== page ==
The Himalayas look so impressive & I simply couldn’t go to Nepal & not do some trekking. I am desperate to trek to Everest Base Camp but it is working out really costly & I can’t afford is this trip – never mind my fitness levels not being at their optimal!
My friend & I have decided to conquer Poon Hill & do a 3 day trek with a sunrise 3210M summit along the Annapurna circuit. This seems to be a beginner trek which is quite challenging yet manageable at your own pace. My friend has never done any hiking & one of the agents we were speaking to put it very simply – If you can walk you can trek. He’s quite right. It may take you weeks, but you’ll manage it if you take it easy.
I read a few blogs & priced around Kathmandu & Pokhara unclear about what to do. My friend & I decided we wanted a guide (even if we could manage without one) as extra confidence, for more local information & general peace of mind. We decided we could do without a porter. If I was more organised I would be happier to go without a guide as I believe the route is simple to navigate. This takes the added stress out of the trek. If I was to do a longer trek I would definitely hire a porter primarily to give someone work & an income for a few days.
I priced a few places for full packages or guide only while my friend updated her instagram & flirted with boys. I wanted to go with Three Sisters Adventure Trekking & on our way there I insisted on stopping at a few agencies so she could have a comparison as well & not rely so heavily on me. One guy charged us $70 per day for the full package & the second agency quoted $40. The second guy seemed really straight to the point, was realistic about what we would need to take as opposed to encouraging us to buy a lot of kit & was patient answering all our silly questions e.g. regarding the monkey population, the meaning of his upper ear piercing & where I could buy a bottle of Baileys. We felt we got on well with this guy & booked him for a 4 day Ghorepani/Poon Hill trek.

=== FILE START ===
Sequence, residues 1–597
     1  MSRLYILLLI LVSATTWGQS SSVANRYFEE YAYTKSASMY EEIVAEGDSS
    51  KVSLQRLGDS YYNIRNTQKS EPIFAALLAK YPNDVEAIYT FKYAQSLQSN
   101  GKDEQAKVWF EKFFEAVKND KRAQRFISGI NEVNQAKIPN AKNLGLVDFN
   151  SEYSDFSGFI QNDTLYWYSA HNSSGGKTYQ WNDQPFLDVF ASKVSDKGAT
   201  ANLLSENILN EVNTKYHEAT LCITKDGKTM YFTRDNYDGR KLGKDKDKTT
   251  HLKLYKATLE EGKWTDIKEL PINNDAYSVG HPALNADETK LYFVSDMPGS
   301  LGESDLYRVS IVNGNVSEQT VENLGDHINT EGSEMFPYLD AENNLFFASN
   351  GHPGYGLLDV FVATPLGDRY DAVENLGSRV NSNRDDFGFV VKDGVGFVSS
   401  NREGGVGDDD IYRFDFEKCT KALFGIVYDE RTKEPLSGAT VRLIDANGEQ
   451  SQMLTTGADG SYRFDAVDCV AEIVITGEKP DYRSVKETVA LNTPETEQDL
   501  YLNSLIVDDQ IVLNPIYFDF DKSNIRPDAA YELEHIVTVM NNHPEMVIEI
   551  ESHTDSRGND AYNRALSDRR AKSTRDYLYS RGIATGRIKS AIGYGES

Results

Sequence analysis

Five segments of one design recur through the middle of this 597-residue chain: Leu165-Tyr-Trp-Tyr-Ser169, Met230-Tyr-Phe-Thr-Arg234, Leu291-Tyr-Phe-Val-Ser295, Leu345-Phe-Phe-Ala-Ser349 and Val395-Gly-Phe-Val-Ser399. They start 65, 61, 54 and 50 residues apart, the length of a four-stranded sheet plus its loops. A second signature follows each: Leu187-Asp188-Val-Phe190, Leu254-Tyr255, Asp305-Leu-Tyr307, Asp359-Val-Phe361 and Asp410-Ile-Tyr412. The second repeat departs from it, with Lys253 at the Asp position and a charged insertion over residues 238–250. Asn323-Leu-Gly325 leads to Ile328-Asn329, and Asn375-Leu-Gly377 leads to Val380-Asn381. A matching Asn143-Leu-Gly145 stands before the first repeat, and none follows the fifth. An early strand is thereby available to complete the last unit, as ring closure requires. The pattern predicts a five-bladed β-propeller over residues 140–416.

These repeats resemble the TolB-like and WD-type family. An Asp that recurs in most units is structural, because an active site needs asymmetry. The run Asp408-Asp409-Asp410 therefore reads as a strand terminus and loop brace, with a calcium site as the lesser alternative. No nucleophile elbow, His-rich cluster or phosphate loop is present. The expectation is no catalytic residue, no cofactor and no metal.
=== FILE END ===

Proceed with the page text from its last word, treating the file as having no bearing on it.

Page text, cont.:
In hindsight just hiring a guide without going through an agency would have been much more affordable but as first time trekkers we did the best we could to get a decent deal within our budget. This cost included taxi transport from our hotel to Nayapul & back, accommodation for 3 nights, the guide & 3 meals a day with a hot drink per day for 4 days.
The previous day we visited the Trekking permit office to obtain the necessary documents required to hike in the Annapurna region. These are TIMS (Trekkers Information Management System) & ACAP (Annapurna Conservation Area Project). The TIMS document is regarding your safety & whereabouts as you check in at various points on the trek & ACAP is to support the area & maintain the routes. Be sure to get the correct TIMS card as one is for trekking without a guide & one is for trekking with a guide/via an agency. This wasn’t explained clearly to us & we had to go back to the office to plead our case for a refund & correct document. You need to have 2 passport photographs for your TIMS card, many places in Pokhara offer this service. The office had about 7 other trekkers completing forms when we were there & it only took us 20mins to fill out the forms & get our documents (albeit one was incorrect).
In addition to this we would have to pay for all our water, snacks & additional food we wanted as well as entrance to Poon Hill (50NPR) & electricity for phone charge (100NPR), fee for hot shower (150NPR) & wifi connection (150NPR) if required. Prices vary from place to place.
Accommodation ranged from 200NPR to 500NPR for a double per night & meals were between 150NPR to 600NPR depending on what you got. Hot beverages were averaging 100NPR for a cup & filtered water was between 60NPR to 110NPR per litre. Chocolate bars were about 200NPR & beers 500NPR. Generally prices increase as you ascend. All prices are set per village as well with no haggling tolerated.
Digesting all this information we set about assembling the kit we needed for our expedition.